Jerry Springer will be the first to tell you he doesn't have too much talent. But the former talk show host is impressed with the prowess of an eclectic group of contestants on his reality show.
"There's a lot of diversity," said Springer during a Wednesday conference call with reporters, discussing America's Got Talent's second season hopefuls. "Clearly there are a lot of singers, but boy, there's a whole bunch of other stuff too, from magicians to ventriloquists to jugglers... Some amazing acts frankly. I haven't seen television like this since the old variety shows. That does seem to be the magic of this show.
America's Got Talent 2 debuts tomorrow night on NBC with a special two-hour premiere, and Springer will be there to take the reigns from the show's first season host, Regis Philbin. The 75-year-old New York-based Philbin reportedly decided not to return for America's Got Talent 2 due to the "heavy travel schedule" the show's Los Angeles tapings required.
And Springer said he's not looking to be the second coming of Kelly Ripa's morning pal.
"You know Regis is the best there ever was at this business so I'm not even going to pretend I can fill his shoes," said Springer. "It would be insulting to him and foolish of me. I'm going to be what I can be as best I can be. But it's going to be me, it's not Regis. I would never pretend to have his competence."
Springer, of course, is best known for his syndicated talk show The Jerry Springer Show, which is currently airing its sixteenth season. He said there's a "tremendous difference" between appearing as the "ringmaster" for that circus-like talk show and hosting America's Got Talent.
"I think some of [the America's Got Talent] acts are really strange," said Springer. "There were a few where I could have said, 'Wow. What a perfect guest [for The Jerry Springer Show].' But I don't know if their behavior in their regular lives would warrant an appearance on [The Jerry Springer Show]. That's probably a plus for them."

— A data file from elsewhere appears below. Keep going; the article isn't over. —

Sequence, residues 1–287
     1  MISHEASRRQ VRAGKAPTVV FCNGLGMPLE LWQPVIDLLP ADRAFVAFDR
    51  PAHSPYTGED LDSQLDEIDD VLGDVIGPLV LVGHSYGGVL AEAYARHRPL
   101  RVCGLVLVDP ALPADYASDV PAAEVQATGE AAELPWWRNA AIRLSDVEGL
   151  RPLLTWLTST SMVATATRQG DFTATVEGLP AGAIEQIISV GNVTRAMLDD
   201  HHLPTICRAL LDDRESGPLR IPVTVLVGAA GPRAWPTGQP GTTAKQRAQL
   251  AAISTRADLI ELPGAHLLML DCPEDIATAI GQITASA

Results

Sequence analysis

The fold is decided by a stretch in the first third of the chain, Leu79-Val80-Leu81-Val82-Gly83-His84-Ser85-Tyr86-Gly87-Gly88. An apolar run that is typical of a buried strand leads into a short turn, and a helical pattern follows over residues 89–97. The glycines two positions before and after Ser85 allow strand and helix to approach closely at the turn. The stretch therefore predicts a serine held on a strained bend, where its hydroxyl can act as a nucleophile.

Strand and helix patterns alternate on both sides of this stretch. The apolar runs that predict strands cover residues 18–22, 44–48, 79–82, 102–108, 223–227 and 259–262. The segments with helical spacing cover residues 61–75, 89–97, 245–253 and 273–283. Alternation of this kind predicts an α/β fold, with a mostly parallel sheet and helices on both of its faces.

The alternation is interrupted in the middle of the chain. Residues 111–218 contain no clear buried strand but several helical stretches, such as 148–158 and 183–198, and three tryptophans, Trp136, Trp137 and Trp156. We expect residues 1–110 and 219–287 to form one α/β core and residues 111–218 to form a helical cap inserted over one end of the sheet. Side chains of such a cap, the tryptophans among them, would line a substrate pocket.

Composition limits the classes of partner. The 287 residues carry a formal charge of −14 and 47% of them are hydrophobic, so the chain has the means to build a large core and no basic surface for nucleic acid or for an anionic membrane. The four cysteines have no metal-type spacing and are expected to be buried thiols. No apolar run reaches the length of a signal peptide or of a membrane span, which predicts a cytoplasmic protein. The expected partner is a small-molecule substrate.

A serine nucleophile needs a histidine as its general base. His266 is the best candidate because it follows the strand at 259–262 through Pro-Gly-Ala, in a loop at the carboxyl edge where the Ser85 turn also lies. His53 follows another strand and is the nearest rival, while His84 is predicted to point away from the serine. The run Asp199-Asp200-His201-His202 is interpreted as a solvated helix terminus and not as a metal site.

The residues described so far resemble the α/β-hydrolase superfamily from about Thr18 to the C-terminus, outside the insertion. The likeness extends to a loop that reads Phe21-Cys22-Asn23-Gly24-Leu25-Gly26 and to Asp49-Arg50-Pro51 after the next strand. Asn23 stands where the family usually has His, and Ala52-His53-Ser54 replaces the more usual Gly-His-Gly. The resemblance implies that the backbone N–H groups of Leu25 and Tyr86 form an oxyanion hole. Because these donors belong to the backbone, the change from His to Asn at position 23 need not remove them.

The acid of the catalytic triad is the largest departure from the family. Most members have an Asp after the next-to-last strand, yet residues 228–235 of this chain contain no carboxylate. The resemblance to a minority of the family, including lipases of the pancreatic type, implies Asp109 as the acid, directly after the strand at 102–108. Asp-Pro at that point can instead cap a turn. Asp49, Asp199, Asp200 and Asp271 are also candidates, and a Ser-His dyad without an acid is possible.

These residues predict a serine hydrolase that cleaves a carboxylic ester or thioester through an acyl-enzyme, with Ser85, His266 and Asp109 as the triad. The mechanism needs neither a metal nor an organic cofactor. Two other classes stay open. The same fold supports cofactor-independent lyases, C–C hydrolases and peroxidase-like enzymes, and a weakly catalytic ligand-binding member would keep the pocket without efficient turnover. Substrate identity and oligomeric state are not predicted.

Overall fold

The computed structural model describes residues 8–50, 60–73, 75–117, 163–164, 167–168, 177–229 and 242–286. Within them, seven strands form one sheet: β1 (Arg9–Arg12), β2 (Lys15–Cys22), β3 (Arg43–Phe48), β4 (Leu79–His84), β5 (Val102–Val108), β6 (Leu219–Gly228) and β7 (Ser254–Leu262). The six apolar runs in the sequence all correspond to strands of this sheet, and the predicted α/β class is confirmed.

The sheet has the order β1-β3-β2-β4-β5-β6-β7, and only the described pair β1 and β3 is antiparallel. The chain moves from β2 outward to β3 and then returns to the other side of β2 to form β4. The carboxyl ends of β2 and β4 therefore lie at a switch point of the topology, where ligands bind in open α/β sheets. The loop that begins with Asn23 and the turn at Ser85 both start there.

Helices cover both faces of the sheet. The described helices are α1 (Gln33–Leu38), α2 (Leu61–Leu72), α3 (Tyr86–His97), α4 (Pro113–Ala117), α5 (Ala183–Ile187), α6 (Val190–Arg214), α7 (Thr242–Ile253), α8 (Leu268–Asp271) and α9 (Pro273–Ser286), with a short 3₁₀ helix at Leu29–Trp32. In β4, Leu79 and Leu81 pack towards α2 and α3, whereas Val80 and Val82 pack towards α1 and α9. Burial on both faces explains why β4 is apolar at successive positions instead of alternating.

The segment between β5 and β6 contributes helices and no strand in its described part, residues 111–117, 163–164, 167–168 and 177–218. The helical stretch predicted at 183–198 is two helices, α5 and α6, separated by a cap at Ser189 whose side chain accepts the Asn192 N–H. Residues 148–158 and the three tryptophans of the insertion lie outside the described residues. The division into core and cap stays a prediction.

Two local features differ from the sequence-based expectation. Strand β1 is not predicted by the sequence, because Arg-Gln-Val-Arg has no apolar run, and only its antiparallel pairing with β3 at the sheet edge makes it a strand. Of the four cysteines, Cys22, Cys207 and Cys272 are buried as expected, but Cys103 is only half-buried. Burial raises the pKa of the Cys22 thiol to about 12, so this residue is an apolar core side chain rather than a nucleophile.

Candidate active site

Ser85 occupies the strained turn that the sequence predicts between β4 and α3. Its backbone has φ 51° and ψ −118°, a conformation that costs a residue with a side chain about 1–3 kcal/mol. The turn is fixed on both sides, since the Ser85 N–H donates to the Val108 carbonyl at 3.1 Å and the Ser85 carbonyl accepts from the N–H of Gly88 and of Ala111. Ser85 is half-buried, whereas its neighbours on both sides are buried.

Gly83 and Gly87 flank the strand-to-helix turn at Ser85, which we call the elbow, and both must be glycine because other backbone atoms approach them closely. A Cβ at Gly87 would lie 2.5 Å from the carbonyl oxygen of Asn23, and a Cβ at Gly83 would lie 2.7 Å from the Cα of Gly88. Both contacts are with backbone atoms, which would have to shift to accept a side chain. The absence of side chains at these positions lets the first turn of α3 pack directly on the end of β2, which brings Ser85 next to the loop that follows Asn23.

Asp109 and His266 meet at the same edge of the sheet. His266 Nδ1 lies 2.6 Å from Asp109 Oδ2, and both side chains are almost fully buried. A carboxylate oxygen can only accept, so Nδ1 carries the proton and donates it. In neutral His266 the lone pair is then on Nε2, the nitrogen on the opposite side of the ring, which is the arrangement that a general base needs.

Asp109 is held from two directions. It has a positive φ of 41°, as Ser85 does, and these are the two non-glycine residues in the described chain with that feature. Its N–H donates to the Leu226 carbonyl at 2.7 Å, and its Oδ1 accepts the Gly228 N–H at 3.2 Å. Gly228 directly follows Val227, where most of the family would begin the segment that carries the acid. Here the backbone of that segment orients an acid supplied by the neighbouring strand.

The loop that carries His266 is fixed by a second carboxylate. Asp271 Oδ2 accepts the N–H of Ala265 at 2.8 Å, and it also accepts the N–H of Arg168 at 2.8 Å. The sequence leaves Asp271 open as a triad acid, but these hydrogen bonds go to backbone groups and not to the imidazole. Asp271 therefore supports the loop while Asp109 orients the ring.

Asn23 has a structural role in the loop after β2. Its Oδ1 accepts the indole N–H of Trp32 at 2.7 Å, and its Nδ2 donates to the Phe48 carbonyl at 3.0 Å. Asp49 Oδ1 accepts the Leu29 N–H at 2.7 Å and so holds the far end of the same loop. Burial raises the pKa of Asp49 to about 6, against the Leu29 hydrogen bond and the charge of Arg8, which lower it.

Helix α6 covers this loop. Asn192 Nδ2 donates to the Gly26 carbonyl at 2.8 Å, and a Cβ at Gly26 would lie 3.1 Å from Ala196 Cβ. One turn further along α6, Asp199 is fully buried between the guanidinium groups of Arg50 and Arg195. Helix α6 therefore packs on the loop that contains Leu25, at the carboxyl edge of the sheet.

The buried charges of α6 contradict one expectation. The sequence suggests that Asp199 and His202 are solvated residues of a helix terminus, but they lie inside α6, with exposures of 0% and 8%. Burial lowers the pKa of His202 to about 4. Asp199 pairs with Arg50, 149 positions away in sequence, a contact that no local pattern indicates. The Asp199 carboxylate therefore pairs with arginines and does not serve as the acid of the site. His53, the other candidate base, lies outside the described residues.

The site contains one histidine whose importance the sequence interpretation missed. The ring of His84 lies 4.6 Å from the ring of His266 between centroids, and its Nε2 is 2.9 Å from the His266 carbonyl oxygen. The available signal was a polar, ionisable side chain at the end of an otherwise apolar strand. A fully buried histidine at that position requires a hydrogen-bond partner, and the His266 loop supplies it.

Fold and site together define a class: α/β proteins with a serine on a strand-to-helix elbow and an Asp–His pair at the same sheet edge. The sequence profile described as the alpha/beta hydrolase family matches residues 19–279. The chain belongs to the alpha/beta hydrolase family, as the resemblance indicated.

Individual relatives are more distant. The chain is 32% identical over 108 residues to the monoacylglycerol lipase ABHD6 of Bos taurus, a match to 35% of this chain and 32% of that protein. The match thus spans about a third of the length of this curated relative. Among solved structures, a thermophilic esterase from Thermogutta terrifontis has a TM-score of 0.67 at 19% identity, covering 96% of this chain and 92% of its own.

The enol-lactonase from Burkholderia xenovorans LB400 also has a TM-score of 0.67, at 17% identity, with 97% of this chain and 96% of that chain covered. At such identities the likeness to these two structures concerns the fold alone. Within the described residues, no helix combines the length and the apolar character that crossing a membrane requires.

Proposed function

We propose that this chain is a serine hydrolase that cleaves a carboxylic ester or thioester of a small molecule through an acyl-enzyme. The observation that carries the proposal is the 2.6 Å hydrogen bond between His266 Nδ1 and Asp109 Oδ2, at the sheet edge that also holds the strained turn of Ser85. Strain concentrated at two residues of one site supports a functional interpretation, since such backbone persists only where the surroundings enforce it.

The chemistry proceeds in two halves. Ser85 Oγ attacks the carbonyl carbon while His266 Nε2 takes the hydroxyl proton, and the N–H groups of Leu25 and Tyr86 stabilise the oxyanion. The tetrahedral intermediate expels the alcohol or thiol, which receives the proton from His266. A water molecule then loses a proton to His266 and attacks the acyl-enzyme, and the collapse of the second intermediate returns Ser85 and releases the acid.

Last fall, Springer also became a familiar face to reality television fans when he appeared as a celebrity two-stepper on the third season of ABC's Dancing with the Stars. After surviving six episodes of the reality competition series, he was eliminated with partner Kym Johnson.
"I guess Dancing was kind of interesting because even though I had been on television in one capacity or another for 35 years, it was the first time I was ever on television as myself," he said. "I always had a role. I was [the mayor of Cincinnati, OH], or I was a news anchor, or I was a talk-show host, but I always had a role to play.
Dancing with the Stars was really the first time I was ever on a show just as me. And I think therefor people who might have thought they knew me perhaps realized that they didn't. I think that's why there was such an impact with that show. There was the unexpected... I guess it was the missed expectation of who I was."
During its first season last summer, the Simon Cowell-produced variety-talent competition was judged by actor David Hasselhoff, former British newspaper editor Piers Morgan and pop singer Brandy Norwood. However, last December Norwood caused a four-car accident on a Los Angeles freeway that resulted in the death of motorist Awatef Aboudihaj, whose two sons have since filed wrongful death lawsuits against Norwood.
Therefore, prior to America's Got Talent's second season, she was replaced with former The Osbournes star Sharon Osbourne.
"[The judges] go at each other quite a bit. I think the three of them are strong personalities, and I think most of the action is among the judges," said Springer. "I think most of the contestants are scared of Piers Morgan. He's very bright but very tough. He plays the Simon Cowell [American Idol] role. They figure if they can get by Piers, they'll move on to the next round. And Sharon tends to be very supportive often times. She plays for the real young ones the kind mother... She's actually very charming."